Landwind X6

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Landwind X6
Landwind X6 facelift China 2012-05-01.jpg
Jiangling Landwind X6 in Shanghai
Overview
Manufacturer Jiangling Motors
Also called Landwind X9 (3-door version)
Landwind X-Pedition
Jiangling Baowei
Jiangling Baodian
JMC Boarding
Production 2005–present
Assembly Nanchang, Jiangxi, China
Body and chassis
Class Sport Utility Vehicle
Body style 3-door SUV(X9)
5-door SUV
4-door pickup (Jiangling Baodian/JMC Boarding)
Powertrain
Engine 1.8 L 4G18 I4 petrol
2.0 L 4G63 I4 petrol
2.4 L 4G64 I4 petrol
2.4 L 4G69 I4 petrol
2.8 L 4JB1 I4 diesel
2.9 L JX4D30 I4 diesel
Transmission 6 speed manual
5 speed manual
Dimensions
Wheelbase 3,025 mm (119.1 in)–3,380 mm (133.1 in) (Baodian)
Length 5,050 mm (198.8 in)–5,405 mm (212.8 in) (Baodian)
5,115 mm (201.4 in) (Baowei)
Width 1,690 mm (66.5 in)–1,720 mm (67.7 in) (Baodian)
1,860 mm (73.2 in) (Baowei)
Height 1,645 mm (64.8 in)–1,710 mm (67.3 in) (Baodian)
1,795 mm (70.7 in) (Baowei)
Chronology
Successor JMC Yusheng S350 (SUV)
JMC Yuhu (Pickup)

The Landwind X6 is a SUV developed by Chinese automaker Jiangling Motors and manufactured by its subsidiary Landwind.

Like some Chinese-made cars, the JMC Landwind is widely derived from older imported technology and design, in this case the Isuzu Rodeo, which was sold from 1998 to 2004.

In China the SUV is sold under the name of Jiangling Baowei and it is also available as a pickup truck called the Jiangling Baodian. The Baodian is exported as the "JMC Boarding" to Asian, South American, and African markets (amongst others).

Engines[edit]

The European market Landwinds are available with two Mitsubishi-built gasoline-powered engines and one Isuzu-built diesel engine.

  • 2.0 L - 115 hp (84 kW)
  • 2.4 L - 125 hp (92 kW)
  • 2.8 L diesel - 92 hp (68 kW)

Controversy[edit]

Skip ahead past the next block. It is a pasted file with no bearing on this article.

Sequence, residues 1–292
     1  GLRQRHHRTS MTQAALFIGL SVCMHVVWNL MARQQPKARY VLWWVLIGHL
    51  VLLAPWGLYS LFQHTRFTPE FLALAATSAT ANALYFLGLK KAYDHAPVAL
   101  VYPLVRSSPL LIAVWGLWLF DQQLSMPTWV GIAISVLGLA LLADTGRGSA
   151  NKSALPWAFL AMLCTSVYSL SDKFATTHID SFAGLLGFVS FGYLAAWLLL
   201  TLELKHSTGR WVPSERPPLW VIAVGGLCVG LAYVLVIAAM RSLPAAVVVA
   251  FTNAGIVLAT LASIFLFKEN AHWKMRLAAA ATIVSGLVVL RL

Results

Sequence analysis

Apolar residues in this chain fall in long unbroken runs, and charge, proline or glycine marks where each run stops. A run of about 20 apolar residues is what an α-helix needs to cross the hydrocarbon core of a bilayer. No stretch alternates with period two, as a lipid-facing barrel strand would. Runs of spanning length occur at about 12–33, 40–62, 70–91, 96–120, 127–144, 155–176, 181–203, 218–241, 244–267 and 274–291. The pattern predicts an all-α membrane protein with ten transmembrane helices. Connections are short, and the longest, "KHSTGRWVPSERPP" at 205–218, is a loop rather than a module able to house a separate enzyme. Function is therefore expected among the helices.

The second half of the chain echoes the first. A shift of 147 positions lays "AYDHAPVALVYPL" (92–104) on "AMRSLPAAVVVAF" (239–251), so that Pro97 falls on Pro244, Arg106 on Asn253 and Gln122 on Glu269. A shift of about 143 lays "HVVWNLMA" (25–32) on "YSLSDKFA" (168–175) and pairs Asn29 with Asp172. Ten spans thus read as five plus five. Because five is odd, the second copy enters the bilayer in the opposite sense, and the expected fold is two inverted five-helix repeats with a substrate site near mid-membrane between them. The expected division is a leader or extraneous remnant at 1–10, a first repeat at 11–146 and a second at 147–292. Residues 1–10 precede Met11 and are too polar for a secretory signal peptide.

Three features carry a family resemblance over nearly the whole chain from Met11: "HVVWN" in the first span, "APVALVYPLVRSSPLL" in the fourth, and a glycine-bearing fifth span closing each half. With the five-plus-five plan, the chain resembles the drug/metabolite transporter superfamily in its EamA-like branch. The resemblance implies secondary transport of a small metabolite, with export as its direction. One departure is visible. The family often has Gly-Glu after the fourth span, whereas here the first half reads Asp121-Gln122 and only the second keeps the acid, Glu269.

The Landwind has attracted a controversy after a series of safety tests. The car made headlines after German car club ADAC showed in its crash test, carried out for EuroNCAP, that a driver of this vehicle would not survive a head-on collision at 64 km/h (40 MPH).

The Dutch importer of the Landwind called for a test by German safety monitoring agency TÜV to show that the car was in fact safe enough for European standards. These tests are similar to the EuroNCAP tests, but the collision speed is lower at 56 km/h (35 mph). Despite the worst crash results in decades TÜV subsequently confirmed that the Landwind met all mandatory safety criteria according to ECE R94.


The controversy did not end there. Opponents say the TÜV test is not enough to guarantee vehicle safety today. They claim that R94 is outdated and only guarantees that the driver will be alive after a crash, and that it does not take into account serious injuries such as severe crushing of the legs. R94 is also performed at a lower speed.

Ron Zwaans, general director of JMC Landwind Europe, says his company is working together with ADAC to keep improving the Landwind's safety. He claims his goal is to ultimately pass the more rigorous EuroNCAP testing.

Further controversy arose from 2014 onwards, with Landwind's introduction of its follow on Landwind X7 SUV, which was quickly noted to closely visually resemble Jaguar Land Rover's Range Rover Evoque.[1]

Paris Motor Show 2006[edit]

At the Paris 2006 Motor Show, Landwind displayed an updated version of its SUV, called X-Pedition, as well as an MPV called the Fashion that would compete in the same size class with MPVs such as the Kia Carens.

Gallery[edit]

References[edit]

  1. ^ Zhang, Benjamin (10 August 2015). "China has knocked off a Range Rover and is selling it at a third of the price of the real thing". Business Insider UK. Retrieved 11 August 2015.

External links[edit]